Harper's plagiarized speech makes worldwide headlines
Published Wednesday, October 1, 2008 10:39AM EDT
Last Updated Friday, May 18, 2012 9:11PM EDT
TORONTO - The most recent election campaign drama to unfold in Canada is getting international airtime on news websites from the United States to Australia.
Media outlets including ABC, CNN, MSNBC, FOXNews, the BBC, International Herald Tribune and the International Business Times have all picked up on a story detailing how an aide to Prime Minister Stephen Harper plagiarized a speech in 2003 from then Australian leader John Howard.
Liberal foreign affairs critic Bob Rae first made the allegations at an address in Toronto on Tuesday where he released transcripts and video highlighting striking similarities and even nearly verbatim passages common to the two speeches in support of the war in Iraq.
Harper was Opposition leader at the time.
After initially downplaying Rae's accusations of plagiarism, the Conservative war room later released a statement announcing that Owen Lippert, Harper's former speechwriter, had taken responsibility for cribbing Howard's words and had resigned his current position as a Harper campaign aid.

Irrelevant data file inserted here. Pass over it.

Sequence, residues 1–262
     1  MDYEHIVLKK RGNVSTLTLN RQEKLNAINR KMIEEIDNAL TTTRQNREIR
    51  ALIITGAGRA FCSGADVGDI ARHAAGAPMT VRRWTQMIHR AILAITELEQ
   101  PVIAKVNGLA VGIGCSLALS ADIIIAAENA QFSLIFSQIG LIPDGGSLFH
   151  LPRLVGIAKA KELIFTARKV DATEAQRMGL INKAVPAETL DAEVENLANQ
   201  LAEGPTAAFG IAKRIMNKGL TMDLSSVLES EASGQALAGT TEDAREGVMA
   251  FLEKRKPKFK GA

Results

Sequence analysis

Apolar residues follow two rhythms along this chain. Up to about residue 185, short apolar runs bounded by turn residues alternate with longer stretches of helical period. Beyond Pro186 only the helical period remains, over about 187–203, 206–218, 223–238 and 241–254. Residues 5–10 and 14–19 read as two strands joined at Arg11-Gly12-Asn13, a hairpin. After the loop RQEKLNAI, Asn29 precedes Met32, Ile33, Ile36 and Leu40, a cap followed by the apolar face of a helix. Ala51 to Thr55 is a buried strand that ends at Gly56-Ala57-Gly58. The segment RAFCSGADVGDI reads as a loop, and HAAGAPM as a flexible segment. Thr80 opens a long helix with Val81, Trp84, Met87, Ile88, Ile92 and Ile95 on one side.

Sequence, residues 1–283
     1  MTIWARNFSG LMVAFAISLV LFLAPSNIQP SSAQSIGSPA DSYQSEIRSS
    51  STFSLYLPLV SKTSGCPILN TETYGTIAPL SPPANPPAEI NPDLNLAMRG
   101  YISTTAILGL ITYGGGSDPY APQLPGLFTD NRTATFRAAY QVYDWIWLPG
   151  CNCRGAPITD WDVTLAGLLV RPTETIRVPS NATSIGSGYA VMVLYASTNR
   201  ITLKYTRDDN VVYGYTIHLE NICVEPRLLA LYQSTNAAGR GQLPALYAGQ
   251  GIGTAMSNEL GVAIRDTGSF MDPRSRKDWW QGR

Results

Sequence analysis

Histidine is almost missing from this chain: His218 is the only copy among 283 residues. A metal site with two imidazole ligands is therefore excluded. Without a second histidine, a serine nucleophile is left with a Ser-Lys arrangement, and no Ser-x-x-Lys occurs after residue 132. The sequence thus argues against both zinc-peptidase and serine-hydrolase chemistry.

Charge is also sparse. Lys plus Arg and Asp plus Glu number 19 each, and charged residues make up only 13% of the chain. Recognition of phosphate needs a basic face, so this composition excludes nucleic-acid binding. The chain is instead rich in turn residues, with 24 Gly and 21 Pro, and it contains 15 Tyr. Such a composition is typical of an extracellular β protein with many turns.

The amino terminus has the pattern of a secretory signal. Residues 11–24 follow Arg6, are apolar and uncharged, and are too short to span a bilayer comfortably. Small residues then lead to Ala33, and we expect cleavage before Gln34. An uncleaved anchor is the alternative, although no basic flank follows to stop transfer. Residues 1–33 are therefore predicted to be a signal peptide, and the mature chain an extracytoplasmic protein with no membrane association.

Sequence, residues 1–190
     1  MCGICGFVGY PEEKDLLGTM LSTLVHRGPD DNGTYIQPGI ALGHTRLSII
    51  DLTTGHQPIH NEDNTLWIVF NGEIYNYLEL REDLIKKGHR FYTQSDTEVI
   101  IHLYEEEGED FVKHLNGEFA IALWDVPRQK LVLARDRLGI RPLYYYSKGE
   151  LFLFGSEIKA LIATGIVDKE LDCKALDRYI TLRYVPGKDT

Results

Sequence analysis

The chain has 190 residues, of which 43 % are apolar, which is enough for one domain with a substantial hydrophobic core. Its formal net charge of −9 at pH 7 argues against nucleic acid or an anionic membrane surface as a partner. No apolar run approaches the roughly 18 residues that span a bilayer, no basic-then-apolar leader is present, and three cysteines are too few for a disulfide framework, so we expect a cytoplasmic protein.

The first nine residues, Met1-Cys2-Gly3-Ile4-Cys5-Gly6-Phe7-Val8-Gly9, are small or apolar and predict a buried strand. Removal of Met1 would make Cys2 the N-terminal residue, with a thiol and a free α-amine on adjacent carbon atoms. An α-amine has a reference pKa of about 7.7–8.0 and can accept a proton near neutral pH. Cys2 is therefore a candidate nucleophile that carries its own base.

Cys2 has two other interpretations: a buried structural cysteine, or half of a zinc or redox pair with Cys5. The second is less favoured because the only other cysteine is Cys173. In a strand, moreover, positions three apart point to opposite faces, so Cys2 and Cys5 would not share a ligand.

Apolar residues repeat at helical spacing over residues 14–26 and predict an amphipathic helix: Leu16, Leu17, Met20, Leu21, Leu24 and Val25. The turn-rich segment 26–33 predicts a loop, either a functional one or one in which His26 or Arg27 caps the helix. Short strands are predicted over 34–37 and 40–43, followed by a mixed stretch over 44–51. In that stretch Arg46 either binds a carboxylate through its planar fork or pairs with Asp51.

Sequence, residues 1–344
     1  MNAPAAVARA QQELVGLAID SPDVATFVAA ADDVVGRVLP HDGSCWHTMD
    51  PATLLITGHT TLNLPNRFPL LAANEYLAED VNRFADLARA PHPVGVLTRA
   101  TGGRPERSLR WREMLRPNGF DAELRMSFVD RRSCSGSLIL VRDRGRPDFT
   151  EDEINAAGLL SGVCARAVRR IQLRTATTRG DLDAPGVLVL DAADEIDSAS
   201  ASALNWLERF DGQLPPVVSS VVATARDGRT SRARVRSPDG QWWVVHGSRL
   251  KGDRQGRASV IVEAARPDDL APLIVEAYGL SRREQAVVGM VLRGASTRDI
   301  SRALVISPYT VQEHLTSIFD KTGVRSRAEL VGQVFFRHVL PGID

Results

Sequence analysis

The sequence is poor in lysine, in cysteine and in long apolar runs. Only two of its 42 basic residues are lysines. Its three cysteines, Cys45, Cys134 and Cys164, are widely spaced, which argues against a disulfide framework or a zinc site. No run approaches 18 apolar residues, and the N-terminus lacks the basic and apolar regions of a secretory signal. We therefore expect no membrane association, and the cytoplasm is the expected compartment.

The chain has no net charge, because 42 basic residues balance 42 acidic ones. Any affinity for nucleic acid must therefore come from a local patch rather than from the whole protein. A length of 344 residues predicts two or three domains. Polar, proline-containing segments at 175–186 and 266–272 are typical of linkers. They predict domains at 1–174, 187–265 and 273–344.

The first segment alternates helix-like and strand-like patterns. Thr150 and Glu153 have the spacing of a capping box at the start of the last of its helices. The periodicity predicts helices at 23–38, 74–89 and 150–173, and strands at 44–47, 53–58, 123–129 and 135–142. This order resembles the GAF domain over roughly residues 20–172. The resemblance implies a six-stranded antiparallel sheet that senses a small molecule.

"Neither my superiors in the office of the leader of the Opposition nor the leader of the Opposition was aware that I had done so," Lippert said in a statement.
"I apologize to all involved and have resigned my position from the Conservative campaign."
International media seized on the story, displaying it prominently on the world news section of many websites.
"Canadian party accuses PM of copying speech," read the headline on MSNBC.com, while the story carried in the International Business Times' website is entitled "Canada opposition party accuses PM of plagiarism."
Coverage was most widespread in Australia with the Melbourne Herald Sun, Brisbane Times and ABC's Australian news section all displaying articles on their main pages.
One Australian headline even incorrectly suggested that Harper himself had resigned over the incident. Online news sites based in Taiwan and New Zealand were also carrying the story early Wednesday.
At least one media outlet included a link to the Liberal comparison video as part of its coverage.
Most of the pickups focused on the details reported in Canadian media on Tuesday, but reaction from Australian officials began to emerge in foreign coverage.
A spokesman for Howard said the former prime minister had no comment on the issue.
Australian economist John Kunkel, who served as Howard's speechwriter from 2004 to 2007, said plagiarism in speech writing is not uncommon in any political system and said he doubts Howard was offended by the incident.
"I think he'd probably find it mildly amusing," Kunkel said. "He'd probably have a good degree of sympathy for his good friend, Mr. Harper."